Friday, October 8, 2010

I have taken the plunge and joined a CSA in my town. CSA is Community Supported Agriculture, basically where you pay the farmer at the start of the season and enjoy the fruits of his/her gardens for several weeks or months following. The idea is that the people who eat the food share in the financial risk-taking with the farmer, and provide the capital necessary to purchase supplies and to sustain the farming family while they grow food for us to eat. And if the peppers do badly, we have few peppers, while perhaps the zucchini grew wonderfully this year so we share in an abundance of zucchini. That is my very amateur explanation anyways. It also encourages local eating, so avoiding having your food shipped thousands of miles to your plate, and if the CSA is organic (which mine is and I think most are), it supports organic agriculture.

I have thought about doing it before but never followed through. This year I think the impetus is partially that I feel buoyed by my carfree project, that I can untangle myself somewhat from 'the status quo' and that I have the capacity to follow through. Also I have a professor this term who is into eating only local foods; she is brilliant/totally weird in a fascinating way, and I have learned a lot from her this semester about the food industry. In addition to what I already knew from reading Michael Pollan and Raj Patel on the subject.

Luckily with this CSA, the farmer grows the food and drives it into town, where it is picked up from a house fairly nearby me. Oftentimes you drive out to the farm to pick up the food, which wouldn't work for me for obvious reasons.

So yesterday afternoon Z and I trucked out on an unfamiliar bus route to pick up our share. It comes in a large box, but I left the box there and just filled the basket of the stroller, along with a canvas bag I brought and hung from the stroller's handles, with the food. When I bring the bike I will empty the box into the panniers. The veggies are glorious! Tiny sweet red and yellow peppers, radishes that taste nicely mild, nap choy (I think), daikon (had to ask what this was), butter lettuce, red leaf lettuce, onions, potatoes, sweet potatoes, acorn squash, and a pie pumpkin which is now roasting in my oven before becoming pumpkin soup. We also got real free range eggs, no more $6 grocery store eggs thank goodness!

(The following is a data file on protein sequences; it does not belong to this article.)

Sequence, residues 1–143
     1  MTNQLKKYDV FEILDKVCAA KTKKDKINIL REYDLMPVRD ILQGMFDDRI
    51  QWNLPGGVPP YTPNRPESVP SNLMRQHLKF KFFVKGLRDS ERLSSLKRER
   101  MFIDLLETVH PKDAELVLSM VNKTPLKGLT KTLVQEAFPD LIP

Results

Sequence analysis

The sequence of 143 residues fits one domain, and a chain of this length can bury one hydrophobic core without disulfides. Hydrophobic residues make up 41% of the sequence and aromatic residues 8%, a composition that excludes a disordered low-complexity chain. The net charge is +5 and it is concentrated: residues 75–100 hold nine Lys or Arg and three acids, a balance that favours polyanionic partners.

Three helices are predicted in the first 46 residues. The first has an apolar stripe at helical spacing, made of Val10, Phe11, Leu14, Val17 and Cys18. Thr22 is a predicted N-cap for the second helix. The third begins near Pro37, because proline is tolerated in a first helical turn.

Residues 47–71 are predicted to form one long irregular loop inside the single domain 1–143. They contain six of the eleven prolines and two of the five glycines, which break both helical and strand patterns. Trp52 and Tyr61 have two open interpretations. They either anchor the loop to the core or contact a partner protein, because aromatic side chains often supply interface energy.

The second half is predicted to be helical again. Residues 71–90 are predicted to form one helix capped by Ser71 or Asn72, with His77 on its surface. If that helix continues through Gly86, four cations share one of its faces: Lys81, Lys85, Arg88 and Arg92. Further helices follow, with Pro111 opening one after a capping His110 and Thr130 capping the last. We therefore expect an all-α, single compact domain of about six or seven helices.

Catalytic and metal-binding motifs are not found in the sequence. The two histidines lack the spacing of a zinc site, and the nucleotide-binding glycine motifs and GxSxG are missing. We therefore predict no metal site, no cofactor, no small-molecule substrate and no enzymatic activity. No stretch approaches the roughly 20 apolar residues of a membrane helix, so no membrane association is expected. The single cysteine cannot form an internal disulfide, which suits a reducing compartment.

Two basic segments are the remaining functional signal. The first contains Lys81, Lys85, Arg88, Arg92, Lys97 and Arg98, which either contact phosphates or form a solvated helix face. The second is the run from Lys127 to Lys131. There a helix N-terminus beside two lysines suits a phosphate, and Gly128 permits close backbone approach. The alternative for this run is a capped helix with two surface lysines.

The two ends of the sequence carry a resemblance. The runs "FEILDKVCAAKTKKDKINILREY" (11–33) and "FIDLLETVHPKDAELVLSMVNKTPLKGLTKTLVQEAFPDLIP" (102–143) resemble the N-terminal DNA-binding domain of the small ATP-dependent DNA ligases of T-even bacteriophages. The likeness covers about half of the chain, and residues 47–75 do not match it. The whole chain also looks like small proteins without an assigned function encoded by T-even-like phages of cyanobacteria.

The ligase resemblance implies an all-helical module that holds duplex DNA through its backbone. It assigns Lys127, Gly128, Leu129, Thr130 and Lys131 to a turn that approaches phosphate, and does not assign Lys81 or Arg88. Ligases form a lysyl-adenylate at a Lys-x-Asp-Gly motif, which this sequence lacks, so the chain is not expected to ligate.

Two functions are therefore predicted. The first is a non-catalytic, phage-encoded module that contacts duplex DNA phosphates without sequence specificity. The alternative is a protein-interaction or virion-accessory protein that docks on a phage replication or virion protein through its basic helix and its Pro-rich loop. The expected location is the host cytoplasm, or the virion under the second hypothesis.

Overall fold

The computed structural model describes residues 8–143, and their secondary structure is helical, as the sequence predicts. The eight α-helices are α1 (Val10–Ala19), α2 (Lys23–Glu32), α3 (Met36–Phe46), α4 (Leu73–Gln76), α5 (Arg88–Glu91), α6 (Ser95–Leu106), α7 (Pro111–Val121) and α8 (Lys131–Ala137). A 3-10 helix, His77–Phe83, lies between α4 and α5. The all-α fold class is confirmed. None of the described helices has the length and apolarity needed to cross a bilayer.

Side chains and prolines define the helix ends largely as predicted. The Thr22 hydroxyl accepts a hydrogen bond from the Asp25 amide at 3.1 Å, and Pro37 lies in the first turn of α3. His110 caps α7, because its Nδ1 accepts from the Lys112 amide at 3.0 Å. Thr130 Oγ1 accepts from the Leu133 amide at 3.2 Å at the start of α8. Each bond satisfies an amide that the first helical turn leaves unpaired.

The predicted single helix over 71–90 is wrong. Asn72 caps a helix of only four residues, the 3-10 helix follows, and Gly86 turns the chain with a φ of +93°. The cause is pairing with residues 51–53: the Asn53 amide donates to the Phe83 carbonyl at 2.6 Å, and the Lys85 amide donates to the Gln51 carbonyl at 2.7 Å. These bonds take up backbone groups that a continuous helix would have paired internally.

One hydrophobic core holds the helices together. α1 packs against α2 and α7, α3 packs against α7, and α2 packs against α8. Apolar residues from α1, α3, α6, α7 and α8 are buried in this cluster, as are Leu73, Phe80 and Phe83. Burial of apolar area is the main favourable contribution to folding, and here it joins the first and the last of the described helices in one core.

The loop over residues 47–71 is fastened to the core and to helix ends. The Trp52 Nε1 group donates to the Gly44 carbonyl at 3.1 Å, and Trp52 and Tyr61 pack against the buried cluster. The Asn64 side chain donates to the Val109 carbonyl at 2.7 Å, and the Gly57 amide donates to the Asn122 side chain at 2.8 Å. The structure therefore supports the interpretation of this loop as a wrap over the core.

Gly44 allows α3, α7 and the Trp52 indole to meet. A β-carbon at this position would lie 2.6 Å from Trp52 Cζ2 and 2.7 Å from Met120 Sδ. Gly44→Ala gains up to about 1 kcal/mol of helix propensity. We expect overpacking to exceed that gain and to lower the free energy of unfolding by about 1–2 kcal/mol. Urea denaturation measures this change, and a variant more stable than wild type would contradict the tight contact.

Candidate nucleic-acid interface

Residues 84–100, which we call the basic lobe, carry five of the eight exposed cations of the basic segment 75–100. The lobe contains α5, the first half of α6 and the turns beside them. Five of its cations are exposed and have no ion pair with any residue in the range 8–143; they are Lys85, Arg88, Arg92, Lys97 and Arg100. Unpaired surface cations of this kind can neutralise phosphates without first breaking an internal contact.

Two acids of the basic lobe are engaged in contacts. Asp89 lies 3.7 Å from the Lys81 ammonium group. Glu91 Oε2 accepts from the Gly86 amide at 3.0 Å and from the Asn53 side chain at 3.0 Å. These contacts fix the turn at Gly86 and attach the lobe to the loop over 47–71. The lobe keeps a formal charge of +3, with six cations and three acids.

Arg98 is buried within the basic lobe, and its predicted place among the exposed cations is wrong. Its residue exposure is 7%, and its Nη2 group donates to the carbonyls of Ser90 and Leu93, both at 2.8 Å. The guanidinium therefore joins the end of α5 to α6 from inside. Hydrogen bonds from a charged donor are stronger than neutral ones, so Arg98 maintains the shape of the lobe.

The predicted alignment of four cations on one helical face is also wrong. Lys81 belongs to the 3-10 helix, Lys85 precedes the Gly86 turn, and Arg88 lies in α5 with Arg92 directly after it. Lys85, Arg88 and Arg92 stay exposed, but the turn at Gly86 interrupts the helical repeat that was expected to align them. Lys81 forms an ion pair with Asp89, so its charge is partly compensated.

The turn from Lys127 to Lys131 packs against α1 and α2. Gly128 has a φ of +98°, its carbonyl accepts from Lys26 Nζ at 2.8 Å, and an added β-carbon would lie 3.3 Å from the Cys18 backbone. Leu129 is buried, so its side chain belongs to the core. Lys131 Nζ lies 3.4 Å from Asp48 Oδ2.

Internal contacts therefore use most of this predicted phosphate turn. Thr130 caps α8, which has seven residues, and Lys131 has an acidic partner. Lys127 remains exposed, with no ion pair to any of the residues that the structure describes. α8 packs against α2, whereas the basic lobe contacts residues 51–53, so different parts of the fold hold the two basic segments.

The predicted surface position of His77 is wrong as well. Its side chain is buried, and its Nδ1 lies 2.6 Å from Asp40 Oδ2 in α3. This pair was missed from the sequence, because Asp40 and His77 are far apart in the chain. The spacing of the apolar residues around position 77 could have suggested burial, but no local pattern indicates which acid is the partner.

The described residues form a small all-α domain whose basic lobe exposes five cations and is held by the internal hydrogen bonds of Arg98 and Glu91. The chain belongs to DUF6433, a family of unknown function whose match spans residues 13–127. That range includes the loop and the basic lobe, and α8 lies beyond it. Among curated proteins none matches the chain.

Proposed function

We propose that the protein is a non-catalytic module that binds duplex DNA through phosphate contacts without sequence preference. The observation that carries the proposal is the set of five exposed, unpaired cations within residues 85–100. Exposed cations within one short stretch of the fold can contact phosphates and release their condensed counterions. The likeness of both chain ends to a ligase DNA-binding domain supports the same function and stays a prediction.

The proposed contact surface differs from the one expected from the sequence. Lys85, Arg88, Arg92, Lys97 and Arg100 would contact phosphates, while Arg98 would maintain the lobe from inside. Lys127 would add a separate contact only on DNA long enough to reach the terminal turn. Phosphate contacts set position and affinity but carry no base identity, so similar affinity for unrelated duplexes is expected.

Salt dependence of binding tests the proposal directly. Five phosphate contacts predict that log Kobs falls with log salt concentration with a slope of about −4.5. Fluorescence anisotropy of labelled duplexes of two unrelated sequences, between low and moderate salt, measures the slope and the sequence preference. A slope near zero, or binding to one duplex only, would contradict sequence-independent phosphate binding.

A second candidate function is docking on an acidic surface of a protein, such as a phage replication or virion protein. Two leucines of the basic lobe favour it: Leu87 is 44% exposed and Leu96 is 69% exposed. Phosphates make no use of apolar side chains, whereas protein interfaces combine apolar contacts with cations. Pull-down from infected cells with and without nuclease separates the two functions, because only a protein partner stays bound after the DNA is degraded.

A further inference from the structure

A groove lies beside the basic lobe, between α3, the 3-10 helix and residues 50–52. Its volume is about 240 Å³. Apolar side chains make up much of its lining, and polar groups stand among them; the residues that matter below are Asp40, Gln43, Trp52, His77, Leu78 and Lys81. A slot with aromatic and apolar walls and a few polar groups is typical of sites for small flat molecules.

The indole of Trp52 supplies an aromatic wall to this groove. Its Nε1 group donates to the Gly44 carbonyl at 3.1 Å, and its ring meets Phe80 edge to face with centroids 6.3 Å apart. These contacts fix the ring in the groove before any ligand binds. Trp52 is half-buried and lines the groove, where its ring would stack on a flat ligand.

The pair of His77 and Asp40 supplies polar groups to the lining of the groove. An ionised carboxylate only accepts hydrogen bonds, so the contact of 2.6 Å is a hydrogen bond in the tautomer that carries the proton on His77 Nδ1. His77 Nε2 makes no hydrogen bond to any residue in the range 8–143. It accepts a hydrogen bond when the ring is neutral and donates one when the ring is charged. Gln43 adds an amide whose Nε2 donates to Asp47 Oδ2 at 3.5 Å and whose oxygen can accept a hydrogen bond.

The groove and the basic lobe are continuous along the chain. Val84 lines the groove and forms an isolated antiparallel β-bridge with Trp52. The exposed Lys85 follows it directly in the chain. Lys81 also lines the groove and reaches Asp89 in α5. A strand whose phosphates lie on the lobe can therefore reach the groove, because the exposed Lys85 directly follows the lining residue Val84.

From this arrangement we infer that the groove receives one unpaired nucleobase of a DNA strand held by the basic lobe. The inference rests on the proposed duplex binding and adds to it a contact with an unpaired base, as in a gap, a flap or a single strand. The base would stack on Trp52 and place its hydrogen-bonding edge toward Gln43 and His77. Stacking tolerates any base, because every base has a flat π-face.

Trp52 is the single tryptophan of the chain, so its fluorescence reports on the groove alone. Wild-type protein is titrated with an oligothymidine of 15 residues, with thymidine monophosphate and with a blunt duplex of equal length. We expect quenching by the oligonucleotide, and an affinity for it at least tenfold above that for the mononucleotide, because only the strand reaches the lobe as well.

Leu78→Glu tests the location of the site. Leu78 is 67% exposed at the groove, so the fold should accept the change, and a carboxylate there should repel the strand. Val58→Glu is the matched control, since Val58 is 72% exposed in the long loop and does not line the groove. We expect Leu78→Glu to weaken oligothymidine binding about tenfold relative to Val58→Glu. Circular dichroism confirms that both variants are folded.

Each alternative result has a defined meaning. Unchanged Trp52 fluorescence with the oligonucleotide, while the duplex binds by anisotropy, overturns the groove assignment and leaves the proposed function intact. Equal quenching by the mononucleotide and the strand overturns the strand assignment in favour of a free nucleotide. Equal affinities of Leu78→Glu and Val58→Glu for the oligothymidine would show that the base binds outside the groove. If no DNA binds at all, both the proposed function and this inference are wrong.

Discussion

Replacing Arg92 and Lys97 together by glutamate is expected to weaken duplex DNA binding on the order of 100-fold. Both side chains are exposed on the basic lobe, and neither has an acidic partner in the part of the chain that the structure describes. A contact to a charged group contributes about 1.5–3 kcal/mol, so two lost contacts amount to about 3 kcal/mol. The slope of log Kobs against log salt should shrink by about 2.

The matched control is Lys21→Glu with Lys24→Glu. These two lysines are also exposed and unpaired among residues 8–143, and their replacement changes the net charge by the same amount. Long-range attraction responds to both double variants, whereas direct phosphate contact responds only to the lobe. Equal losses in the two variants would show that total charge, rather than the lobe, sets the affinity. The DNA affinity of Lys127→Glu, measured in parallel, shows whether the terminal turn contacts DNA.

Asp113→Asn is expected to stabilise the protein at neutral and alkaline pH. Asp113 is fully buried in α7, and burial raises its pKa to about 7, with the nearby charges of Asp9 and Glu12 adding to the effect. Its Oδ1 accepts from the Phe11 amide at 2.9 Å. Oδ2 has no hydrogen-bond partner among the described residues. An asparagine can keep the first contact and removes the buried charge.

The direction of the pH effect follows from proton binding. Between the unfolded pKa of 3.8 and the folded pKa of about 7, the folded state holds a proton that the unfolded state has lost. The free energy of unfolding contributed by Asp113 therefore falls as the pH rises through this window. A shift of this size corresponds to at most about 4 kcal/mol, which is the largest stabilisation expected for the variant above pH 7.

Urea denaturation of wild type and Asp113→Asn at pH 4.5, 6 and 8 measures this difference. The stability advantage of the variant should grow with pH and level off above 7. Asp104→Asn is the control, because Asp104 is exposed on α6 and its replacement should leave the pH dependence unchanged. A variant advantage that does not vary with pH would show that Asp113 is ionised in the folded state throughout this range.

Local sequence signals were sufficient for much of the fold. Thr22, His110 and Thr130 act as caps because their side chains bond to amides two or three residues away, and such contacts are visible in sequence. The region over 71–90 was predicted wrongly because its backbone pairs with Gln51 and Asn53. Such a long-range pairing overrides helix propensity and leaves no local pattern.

So of course I am afraid that I am going to be a CSA loser, leaving things to rot in the fridge instead of cooking them. I already half froze the red leaf lettuce - apparently my fridge is too cold, so I've turned it down. I've already eaten the butter lettuce tho, and I'm feeling quite proud that I have the pumpkin in the works to be turned into something edible. Thankfully the vegetables look familiar and inspiring. Friends gave me their CSA share last week (different CSA), and I couldn't even identify some of the veggies - green tomato-like things with their own paper-like wrappers, and a knobbly small root vegetable were beyond me. With my own, the only real question mark was the daikon. Everything else I basically know what it is, and I am eager to try it all out, even the daikon.

Perhaps this whole CSA endeavour will even inspire my children to eat more veggies. Ahhh or maybe not. But I'm pretty excited about it.

1 comment:

  1. Hi Ali I think those green tomato like things with there own paper wrappings might be tomatillos:

    Got to your website from Xtracycles and Everyday Adventures.

    Interesting to read about the CSA concept as I have never heard of it before in South Africa. Will definitely tweet about it or something so that it might reach more peoples' minds :)

    And no car for a mom with two kids, wow :) !